PEORIA, AZ - Renewed instability in Iraq is making some question whether sacrifices made during the war in that country were worth the price.
“I’d hate to think that he gave his life for nothing,” said Margy Bons, whose Marine son Michael Marzano was killed in Iraq in 2005.
Islamic militants of the Islamic State of Iraq and the Levant, or ISIL, have captured large swaths of territory north of Baghdad.
Bons, of Anthem, would like to return to Iraq to memorialize her son, but fears continuing violence in the country makes that dream impossible.
“I would love to go to where my son saw the last sunset that he saw,” she said.
Anthony Lavazza, a Marine veteran who deployed to Iraq twice, said he feels like his physical sacrifices were not worth it, given the county’s current crisis.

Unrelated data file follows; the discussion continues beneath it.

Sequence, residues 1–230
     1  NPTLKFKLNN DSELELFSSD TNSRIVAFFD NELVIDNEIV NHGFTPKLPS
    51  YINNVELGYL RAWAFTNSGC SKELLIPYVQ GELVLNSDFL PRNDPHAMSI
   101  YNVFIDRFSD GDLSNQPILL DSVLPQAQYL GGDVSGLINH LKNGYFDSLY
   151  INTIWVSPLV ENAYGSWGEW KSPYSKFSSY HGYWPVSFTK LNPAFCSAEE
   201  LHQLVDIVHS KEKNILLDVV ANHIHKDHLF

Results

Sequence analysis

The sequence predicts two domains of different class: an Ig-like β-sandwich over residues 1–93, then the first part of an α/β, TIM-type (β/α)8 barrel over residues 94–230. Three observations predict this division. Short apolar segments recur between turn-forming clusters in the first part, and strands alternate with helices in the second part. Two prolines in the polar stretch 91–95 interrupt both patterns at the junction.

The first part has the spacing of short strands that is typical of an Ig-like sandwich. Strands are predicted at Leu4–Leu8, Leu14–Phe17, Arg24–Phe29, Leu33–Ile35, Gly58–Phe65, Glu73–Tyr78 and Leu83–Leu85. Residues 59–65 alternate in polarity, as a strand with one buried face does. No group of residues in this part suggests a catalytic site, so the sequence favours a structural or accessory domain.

The Peoria man is now living on disability; he said his joints were worn down by more than 10 years of service.
“Just getting beat up, sacrificing my body for this cause that apparently doesn’t exist anymore… it’s disheartening,” Lavazza said.
Thousands of Shiites from Baghdad and across southern Iraq answered an urgent call to arms Saturday, joining security forces to fight the Islamic militants who have captured large swaths of territory north of the capital and now imperil a city with a much-revered religious shrine.
The mobilization, urged by the nation's top Shiite cleric, took on a sectarian dimension that threatened to intensify Sunni-Shiite strife in a nation already ripped by religious fervor after the militants' battlefield successes.
President Barack Obama has ruled out sending American troops back to Iraq.
More than 4,400 American troops died in the war, which ended in 2011.
Lavazza said every Marine he knows would return to Iraq, to preserve the gains they fought to secure for the country.